The French courts often address the issue of whether a franchisor has properly fulfilled its assistance obligation. In a recent case, the Paris Court of Appeal held that this obligation is exclusively technical and commercial and constitutes purely a 'best efforts' obligation. This decision has confirmed that franchisors need not provide financial assistance to their franchisees. Instead, the assistance obligation consists only of helping the franchisee to operate the business from a commercial and technical standpoint.
The extent of the group in the context of a franchising network has given rise to a number of court decisions, leading to some uncertainty for employers as to the scope of their reassignment obligations. A set of bills was recently enacted as part of the priority measures intended to bring greater flexibility to labour legislation. One such measure provides a narrow definition of a 'group' in relation to the obligations to reassign employees who are dismissed either for economic reasons or for personal inability.
One of the key components of any franchise agreement is the transmission of know-how by the franchisor to the franchisee. Absent this, the agreement may be held null and void or requalified as a mere distribution agreement. In a recent decision, the Supreme Court held that the absence of any pilot outlet run by the franchisor does not amount to a lack of know-know transmission.
Under French civil law, a party to a contract has a duty of loyalty to its contracting party in the performance of the contract. The Supreme Court recently applied this duty of loyalty to a franchisor which had concluded a framework contract with a master franchisee. The court held that the franchisor did not cooperate with, assist or advise the master franchisee loyally. The court also held that it had terminated the framework contract in an unfair manner.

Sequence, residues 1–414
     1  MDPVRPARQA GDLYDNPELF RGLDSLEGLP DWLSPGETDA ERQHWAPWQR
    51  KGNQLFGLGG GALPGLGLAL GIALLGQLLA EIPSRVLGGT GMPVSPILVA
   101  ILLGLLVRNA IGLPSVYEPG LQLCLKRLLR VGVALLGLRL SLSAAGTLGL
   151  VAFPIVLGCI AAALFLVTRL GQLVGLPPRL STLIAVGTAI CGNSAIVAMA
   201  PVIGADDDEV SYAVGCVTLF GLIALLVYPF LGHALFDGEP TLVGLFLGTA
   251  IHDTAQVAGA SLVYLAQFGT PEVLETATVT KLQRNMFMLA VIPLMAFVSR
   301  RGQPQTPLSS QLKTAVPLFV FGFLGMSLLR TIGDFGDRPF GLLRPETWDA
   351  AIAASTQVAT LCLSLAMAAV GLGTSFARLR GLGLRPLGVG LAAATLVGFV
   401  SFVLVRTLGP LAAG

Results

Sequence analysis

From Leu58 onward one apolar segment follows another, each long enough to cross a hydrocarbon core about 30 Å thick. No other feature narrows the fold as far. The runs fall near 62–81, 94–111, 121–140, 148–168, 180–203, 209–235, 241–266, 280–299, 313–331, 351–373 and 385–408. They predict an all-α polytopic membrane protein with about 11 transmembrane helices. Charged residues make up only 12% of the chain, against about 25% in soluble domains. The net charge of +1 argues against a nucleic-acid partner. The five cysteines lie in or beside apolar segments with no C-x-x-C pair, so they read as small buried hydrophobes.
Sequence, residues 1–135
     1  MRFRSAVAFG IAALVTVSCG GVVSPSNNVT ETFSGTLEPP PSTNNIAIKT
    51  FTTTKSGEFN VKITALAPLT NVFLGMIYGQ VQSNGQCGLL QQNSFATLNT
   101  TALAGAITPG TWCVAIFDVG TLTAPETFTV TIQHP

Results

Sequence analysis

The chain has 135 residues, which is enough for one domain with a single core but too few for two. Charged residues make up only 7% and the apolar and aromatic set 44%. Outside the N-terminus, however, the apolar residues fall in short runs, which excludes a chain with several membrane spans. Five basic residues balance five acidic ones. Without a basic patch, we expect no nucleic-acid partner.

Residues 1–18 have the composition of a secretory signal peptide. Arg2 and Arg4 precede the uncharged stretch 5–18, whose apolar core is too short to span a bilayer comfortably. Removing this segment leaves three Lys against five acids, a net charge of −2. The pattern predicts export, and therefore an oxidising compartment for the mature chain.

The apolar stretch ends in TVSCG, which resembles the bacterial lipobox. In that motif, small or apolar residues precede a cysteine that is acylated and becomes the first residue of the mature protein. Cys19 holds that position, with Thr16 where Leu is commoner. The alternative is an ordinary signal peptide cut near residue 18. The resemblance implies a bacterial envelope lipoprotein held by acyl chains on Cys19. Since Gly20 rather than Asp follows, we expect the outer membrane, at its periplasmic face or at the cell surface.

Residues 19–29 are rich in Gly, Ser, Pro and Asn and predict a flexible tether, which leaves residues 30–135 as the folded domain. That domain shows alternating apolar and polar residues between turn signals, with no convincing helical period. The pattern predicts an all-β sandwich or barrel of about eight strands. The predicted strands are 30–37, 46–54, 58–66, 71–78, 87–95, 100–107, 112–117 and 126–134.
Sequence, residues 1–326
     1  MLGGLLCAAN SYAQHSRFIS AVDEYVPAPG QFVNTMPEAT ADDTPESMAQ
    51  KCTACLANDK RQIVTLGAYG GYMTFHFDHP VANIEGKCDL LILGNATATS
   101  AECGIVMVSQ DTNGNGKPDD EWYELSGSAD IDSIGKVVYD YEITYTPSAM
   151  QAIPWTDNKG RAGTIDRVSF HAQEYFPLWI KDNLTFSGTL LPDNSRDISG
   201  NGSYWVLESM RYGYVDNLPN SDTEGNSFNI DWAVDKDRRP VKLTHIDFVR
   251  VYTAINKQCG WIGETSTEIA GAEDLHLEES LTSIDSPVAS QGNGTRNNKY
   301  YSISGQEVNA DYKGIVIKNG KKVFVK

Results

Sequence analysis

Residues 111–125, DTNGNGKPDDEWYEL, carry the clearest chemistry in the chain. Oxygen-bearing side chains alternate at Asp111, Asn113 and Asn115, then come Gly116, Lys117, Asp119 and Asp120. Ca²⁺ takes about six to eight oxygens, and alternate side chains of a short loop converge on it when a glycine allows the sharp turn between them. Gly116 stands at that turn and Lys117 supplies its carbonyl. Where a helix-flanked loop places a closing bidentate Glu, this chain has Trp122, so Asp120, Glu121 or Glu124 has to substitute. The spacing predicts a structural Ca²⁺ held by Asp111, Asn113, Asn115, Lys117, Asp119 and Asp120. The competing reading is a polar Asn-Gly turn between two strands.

Franchise agreements often contain pre-emption rights allowing franchisors to take over the shares or assets of their franchisees with priority over third parties. The rationale behind these rights is to guarantee the continuity and consistency of the network that the franchisor has gradually built and avoid the leakage of know-how to competitors. Two recent court cases have shed some light on the validity of pre-emption rights and their enforcement with regard to franchisees and their shareholders.
Franchising agreements are often part of a wider relationship between a franchisee and its franchisor. Some franchising networks include a business lease granted by the franchisor or one of its affiliates. While the combination of a franchising agreement and a business lease may seem odd, there are several circumstances under which a business lease may be entered into alongside a franchising agreement.
After a heated debate, the National Assembly has finally adopted the bill relating to new freedoms and protections for undertakings and employees. Although the far-reaching amendment requiring franchise networks to establish social dialogue committees has been softened, most franchise networks will likely still be concerned that the new provision could negate the legal independence of franchisees and their authority over employees.